It’s been a couple of weeks since I put this book down. And I’m still not sure if it’s a love letter or an elegy. Perhaps because it flows with chronology it’s both. But even then, the word « chronology » falls short. There’s too much aggregation, by which I mean lineage, inheritance—something we now refer to as « culture. »

I am sure that it has some of the best opening pages I’ve read. And that there’s sweetness and soundtracks and solidarity. There are ideas about language as instrument, the genius of sampling, even some underlying afrofuturism. Then there’s the question he always returns to—what really is the “low end?” And have we even reached it yet? That, I’m not ruining for you.

There’s also dichotomy outside of generic ambiguity. It’s most obviously personified through Phife and Q, and meditations about the space to do your own thing and the confines of holding it all on your shoulders. There’s a love for bridge building, whether it’s across generations or coasts.

But it’s not just the letters of bereavement to Phife and Tribe that make me question the eulogic aspect of this book. Albums are almost characters in and of themselves. And what first seems like love letters—on community and finding your place in it—turns into eulogies (or tributes? Homages?) on something now lost to the immediacy of streaming services.

If I’m being honest, Tribe was never a favorite. I’ve always been one of those « I prefer Pharcyde » types. But coming to this book out of curiosity and not as a fan ((and falling completely in love with it)) attests to this author’s magic. He’s managed to create something poetic, political, cultural, historiographical, anthropological, and on and on. So, I’ll give it to him—Tribe was ahead of their time sonically. Phife was a poet. And hip hop, rap, jazz, and everything in between is inherited.

It’s not easy to immortalize a person, let alone the intangible. And with all the flowers in A Fortune for Your Disaster, I’m tempted to say this is Hanif’s bouquet.
Profile Image for Joe.
88 reviews10 followers
February 26, 2019
I finished the A Tribe Called Quest book on the bus going to work this morning. I cried a little bit.
I walked past a bar on the way home from work today. A Tribe Called Quest was playing.
I cried a little bit.

For every generation, there are usually only a handful of bands that can truly be described as the proverbial "the only band that matters." And, in the 90s, one of that handful was A Tribe Called Quest. And in his fantastic book GO AHEAD IN THE RAIN, poet Hanif Abdurraqib captures those never-to-be repeated heady days "..when I was a teenager/before I had status and before I had a pager." I loved this book and I cried with this book. RIP Phife Dawg.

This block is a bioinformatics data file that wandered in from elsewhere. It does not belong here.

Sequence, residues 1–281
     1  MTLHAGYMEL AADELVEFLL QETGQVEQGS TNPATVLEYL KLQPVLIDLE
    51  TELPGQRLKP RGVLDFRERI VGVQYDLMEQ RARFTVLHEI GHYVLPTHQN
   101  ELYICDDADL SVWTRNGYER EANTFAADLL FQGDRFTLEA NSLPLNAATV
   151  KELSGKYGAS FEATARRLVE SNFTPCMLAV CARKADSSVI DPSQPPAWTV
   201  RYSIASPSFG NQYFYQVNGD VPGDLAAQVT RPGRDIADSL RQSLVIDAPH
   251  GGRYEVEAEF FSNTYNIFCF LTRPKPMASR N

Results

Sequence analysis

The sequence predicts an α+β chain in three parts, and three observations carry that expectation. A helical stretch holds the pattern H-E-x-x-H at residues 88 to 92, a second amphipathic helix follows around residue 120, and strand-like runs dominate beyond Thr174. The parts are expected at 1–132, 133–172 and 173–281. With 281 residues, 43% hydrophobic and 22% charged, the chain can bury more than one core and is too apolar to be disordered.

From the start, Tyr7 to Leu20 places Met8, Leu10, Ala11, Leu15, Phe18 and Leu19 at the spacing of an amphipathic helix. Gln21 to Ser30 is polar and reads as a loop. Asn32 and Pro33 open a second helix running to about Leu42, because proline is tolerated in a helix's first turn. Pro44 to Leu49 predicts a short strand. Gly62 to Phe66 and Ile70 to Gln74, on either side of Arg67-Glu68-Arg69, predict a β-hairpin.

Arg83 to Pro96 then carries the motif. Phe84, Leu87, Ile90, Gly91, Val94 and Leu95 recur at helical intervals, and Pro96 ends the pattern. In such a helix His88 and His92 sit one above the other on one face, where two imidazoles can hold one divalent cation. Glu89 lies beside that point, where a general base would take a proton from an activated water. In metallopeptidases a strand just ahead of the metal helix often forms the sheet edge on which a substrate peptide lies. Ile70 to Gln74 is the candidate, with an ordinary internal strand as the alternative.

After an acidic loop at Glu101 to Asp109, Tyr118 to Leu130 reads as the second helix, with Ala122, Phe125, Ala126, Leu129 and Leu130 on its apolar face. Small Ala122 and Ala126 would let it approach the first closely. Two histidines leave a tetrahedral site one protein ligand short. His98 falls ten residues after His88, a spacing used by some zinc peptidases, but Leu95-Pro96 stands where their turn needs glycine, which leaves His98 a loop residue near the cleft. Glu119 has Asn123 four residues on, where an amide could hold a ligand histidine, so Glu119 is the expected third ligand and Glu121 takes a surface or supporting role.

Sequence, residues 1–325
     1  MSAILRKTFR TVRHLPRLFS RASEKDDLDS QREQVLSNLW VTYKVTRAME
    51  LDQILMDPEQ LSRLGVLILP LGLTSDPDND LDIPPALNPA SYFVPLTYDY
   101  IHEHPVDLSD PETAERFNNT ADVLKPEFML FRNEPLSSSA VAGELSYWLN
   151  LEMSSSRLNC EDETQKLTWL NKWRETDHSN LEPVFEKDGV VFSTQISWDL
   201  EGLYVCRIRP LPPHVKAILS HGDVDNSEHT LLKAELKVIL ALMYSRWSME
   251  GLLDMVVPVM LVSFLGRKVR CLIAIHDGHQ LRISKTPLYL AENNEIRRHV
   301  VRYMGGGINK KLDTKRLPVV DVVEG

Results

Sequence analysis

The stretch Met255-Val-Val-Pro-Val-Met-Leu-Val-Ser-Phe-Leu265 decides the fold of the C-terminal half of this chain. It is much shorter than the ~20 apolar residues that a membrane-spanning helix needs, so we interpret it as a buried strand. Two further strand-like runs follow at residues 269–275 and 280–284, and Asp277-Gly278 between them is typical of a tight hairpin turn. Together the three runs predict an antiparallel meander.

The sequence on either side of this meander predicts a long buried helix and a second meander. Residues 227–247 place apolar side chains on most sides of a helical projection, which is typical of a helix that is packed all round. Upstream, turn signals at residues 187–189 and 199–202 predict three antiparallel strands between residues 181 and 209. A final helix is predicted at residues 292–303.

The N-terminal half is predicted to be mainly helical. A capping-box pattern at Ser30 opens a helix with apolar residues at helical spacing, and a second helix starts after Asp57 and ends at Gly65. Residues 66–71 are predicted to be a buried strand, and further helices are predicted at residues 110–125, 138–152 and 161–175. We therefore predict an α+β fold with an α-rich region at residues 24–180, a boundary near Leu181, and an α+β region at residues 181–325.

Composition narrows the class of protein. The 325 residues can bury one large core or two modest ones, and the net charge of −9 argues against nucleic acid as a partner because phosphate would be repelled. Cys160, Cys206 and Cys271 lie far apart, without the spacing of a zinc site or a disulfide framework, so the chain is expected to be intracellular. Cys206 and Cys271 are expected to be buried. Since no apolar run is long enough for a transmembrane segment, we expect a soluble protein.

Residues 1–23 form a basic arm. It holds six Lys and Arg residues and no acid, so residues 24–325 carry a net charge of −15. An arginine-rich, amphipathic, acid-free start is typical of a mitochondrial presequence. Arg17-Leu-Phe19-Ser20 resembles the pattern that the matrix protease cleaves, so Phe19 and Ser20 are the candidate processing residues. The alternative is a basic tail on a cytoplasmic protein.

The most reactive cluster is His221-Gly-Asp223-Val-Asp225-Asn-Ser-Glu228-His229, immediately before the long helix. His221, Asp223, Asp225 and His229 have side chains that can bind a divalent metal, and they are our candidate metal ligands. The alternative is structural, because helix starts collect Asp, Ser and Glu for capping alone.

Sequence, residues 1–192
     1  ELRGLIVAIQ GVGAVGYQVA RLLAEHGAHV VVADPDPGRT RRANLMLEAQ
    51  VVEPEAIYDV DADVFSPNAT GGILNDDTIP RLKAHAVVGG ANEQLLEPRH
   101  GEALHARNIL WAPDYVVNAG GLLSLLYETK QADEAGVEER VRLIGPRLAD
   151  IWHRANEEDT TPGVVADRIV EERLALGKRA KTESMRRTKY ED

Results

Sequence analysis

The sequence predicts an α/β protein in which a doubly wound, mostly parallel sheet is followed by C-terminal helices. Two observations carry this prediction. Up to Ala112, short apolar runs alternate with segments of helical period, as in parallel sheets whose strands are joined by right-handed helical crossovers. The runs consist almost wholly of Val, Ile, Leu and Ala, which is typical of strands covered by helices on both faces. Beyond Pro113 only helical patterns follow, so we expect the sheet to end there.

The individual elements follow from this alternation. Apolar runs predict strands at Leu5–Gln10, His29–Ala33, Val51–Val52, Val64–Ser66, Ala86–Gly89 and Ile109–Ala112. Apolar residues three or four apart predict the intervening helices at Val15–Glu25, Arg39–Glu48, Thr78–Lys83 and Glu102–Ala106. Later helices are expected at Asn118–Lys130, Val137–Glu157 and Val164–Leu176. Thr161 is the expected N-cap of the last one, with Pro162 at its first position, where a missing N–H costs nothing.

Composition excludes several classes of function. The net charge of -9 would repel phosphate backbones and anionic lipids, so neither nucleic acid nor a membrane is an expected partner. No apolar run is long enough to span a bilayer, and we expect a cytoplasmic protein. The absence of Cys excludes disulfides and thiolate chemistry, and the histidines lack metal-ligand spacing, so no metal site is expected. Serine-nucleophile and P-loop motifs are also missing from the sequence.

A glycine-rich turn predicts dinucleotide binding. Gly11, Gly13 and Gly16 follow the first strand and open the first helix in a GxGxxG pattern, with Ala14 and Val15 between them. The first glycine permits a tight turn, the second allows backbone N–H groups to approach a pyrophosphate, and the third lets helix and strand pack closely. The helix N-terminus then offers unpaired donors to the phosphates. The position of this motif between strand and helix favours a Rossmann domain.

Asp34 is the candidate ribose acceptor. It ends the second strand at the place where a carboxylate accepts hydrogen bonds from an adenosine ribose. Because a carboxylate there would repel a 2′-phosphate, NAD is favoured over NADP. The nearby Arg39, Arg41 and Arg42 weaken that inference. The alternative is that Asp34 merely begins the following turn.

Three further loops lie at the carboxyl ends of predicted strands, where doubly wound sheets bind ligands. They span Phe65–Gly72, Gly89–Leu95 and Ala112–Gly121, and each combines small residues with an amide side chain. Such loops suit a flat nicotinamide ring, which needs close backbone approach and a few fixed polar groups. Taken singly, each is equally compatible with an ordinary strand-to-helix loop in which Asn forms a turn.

Profile Image for Phil Overeem.
634 reviews17 followers
April 11, 2019
I checked it out of the local library. It is so good I am buying a copy to keep close. Among the many things Abdurraqib pierces the bullseye on, the eerie and perfect arrival of the final ATCQ album is explored with eerie and perfect grace.
171 reviews4 followers
September 11, 2022

You could feel how much the author loved the band and rap/hip hop in general in a true, smart, and poetic way. I know a little of Tribe's music and had a similar level of familiarity with a lot of the music Abdurraqib talked about, but I was (and still am) far from a real scholar about it. Even so, the book was enjoyable and interesting.

I audiobooked this and listened to a whole lot of it while sectioning brains. It was a really beautiful experience. This cryostat was a new-to-me machine and it always takes a while to get the hang of how they handle. Go Ahead was buoying during the frustrating start. Then, when things got rolling, the beauty of a (well-sectioned) brain section combined with the beauty of Abdurraqib's writing. Just an incredible vibe. Seriously, have you ever seen a brain section? Have you ever heard someone talk so beautifully about something they love? INCREDIBLE.

One thing I'll note, I wouldn't necessarily recommend reading this in as all-in-one go fashion as I did. I think this happens with almost all essay collections I've read, but it can get repetitive. Essays are typically written as separate bits then stitched together. There are things you need to re-intro or re-contextualize in the segment in which it appears. It's totally expected and reasonable and would be so helpful if I hadn't read the previous part, like, a couple hours ago.
Profile Image for Shawn.
92 reviews7 followers
January 21, 2023
An excellent love letter to one of hip hop's greatest groups. This is a dynamic and deeply personal mix of poetry, personal essay, history lesson, and album appreciation. I absolutely loved the sections that put Tribe's music in context in its relationship to other rap artists, pop culture, and the political landscape of its time. I've been a fan of these folks since I was a teenager, listening to my new copy of their first album through the tape deck in my car while driving around in a small town in Wyoming, so I was able to really relate to the author's reminiscing about how listening to cassettes on his Walkman solidified his lifelong love for the music of Tip and Phife and the crew. Highly recommended for lovers of recorded music, no matter the genre. One of the highlights of my 2023 reading challenge: 50 books about hip hop culture during the 50th year of its existence.
Profile Image for K.
269 reviews3 followers
January 1, 2020